As simple as it gets, this chamomile jelly is one Katherine, and I thought of together and worked on for quite a few weeks. While choosing a few restaurants for our Tuscan itinerary, we came across a chamomile lemon syrup served on Ciabatta toast. We thought wouldn't that be fantastic as a jelly. I was already working on the Ciaffagnoni (Italian crepes) when the food Cupid struck us both. Chamomile Lemon Jelly on Ciaffagnoni? Yep, a Tuscan morning in our Atlanta home.
It took us both a bit to get the consistency just right and for the jelly to hold up over hot crepes. But it works, and it's damn good.
The pectin ratio is critical to getting the right 'spoonable' consistency because you're adding concentrated tea to the mix, which will throw off the traditional pectin to fruit balance.
I tend not to prepare overly sweet dishes, and I didn't want to hide the delicate chamomile. If you like sweet jellies and jams, you'll need to add a touch more sugar. Don't go overboard with the lemon either, as the chamomile tea should be the first flavor that hits your palate.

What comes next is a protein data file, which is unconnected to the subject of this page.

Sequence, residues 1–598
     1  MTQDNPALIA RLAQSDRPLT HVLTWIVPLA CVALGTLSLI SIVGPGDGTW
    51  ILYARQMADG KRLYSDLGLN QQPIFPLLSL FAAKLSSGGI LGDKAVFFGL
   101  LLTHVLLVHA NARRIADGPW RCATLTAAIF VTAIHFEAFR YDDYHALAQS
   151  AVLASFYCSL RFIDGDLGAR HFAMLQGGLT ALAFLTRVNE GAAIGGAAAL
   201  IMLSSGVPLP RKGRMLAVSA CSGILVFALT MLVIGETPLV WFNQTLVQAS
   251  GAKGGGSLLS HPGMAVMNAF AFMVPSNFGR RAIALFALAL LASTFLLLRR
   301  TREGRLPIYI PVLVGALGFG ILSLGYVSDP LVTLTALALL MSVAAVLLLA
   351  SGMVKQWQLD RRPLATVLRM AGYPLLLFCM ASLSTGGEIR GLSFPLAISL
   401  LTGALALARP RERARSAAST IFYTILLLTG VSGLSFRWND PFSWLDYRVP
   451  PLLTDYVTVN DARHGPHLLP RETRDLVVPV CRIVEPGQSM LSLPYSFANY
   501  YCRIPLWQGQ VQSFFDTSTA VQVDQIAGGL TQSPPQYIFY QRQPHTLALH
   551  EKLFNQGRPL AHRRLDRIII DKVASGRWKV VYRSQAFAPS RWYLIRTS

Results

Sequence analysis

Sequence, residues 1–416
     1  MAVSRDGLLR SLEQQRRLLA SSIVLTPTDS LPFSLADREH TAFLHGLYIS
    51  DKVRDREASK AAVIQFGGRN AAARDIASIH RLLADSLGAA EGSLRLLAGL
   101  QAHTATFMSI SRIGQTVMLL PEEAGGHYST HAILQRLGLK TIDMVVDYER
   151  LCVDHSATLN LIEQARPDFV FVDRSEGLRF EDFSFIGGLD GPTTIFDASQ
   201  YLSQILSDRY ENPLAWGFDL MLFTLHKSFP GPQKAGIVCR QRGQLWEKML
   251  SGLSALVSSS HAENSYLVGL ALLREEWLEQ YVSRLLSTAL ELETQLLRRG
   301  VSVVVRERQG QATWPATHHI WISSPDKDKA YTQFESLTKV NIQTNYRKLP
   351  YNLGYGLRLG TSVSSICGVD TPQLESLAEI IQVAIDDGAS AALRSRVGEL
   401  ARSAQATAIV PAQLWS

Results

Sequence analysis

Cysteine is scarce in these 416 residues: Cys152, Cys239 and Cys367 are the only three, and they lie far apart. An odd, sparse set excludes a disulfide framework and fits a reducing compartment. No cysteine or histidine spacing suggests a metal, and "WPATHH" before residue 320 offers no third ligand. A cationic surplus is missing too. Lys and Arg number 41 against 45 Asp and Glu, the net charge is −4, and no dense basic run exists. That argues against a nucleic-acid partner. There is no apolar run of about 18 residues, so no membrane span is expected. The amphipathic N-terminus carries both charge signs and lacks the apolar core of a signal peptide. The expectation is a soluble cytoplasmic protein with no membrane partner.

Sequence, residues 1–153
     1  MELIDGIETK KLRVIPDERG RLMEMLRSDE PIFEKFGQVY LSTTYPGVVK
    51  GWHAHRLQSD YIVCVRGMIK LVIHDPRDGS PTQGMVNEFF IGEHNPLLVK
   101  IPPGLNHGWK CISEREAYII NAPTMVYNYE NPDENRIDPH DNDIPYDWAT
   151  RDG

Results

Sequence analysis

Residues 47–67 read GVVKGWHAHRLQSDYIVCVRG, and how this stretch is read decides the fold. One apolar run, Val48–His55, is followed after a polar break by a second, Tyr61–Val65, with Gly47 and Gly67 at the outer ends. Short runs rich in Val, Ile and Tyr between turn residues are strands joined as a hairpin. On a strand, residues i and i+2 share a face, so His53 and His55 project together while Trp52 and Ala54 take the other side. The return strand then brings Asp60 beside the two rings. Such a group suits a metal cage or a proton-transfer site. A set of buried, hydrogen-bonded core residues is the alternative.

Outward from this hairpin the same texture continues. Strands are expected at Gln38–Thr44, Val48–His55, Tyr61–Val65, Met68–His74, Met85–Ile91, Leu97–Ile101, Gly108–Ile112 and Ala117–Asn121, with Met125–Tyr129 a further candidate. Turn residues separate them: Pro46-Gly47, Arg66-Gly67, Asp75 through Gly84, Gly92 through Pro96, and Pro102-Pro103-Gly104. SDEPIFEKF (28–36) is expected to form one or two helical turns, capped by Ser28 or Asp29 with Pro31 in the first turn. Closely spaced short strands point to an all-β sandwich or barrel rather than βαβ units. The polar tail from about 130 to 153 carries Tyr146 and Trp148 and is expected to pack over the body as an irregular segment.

If refrigerated this jelly will last six months, if not longer. But the recipe is simple enough that you can make it fresh more often.
Suggestions and Alternatives
- You can substitute the chamomile for a more robust tea. Earl Grey will bring in a subtle spice tone, and any Indian tea with bergamot will compliment the lemon nicely
- Try the jelly on our Italian crepes
- The jelly works just as well on fresh biscuits, scones, and pancakes
- Try adding a dollop of the jelly into the center of vanilla cupcake batter for an easy lemon cupcake.
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Chamomile Lemon Jelly
- 5 lemons
- 3 cups water, divided
- 1 cup granulated sugar
- 6 ounces liquid pectin
- 2 bags chamomile tea, steeped
- 1/2 teaspoon chamomile flowers
- cut the stem end off each lemon. Keep the blossom end intact, as it contains pectin that will help to thicken the jelly.
- slice each lemon as thinly as possible, preferably on a mandolin.
- place lemon slices in a large non-reactive saucepan add sugar and cold water.
- set over medium heat and reduce by half, stirring occasionally for 10 minutes.
- add in remaining water and chamomile tea bags and flowers, bring to a boil and shut off heat, allow to steep for at least 1 hour.
- strain tea bags and flowers through fine colander.
- reduce the steeped chamomile by half.
- add liquid pectin to reduced lemon slices on medium heat and reduce by half.
- add chamomile reduction to lemon reduction.
- remove from heat and let stand for 30 minutes.
- transfer to glass container and refrigerate for another hour before serving.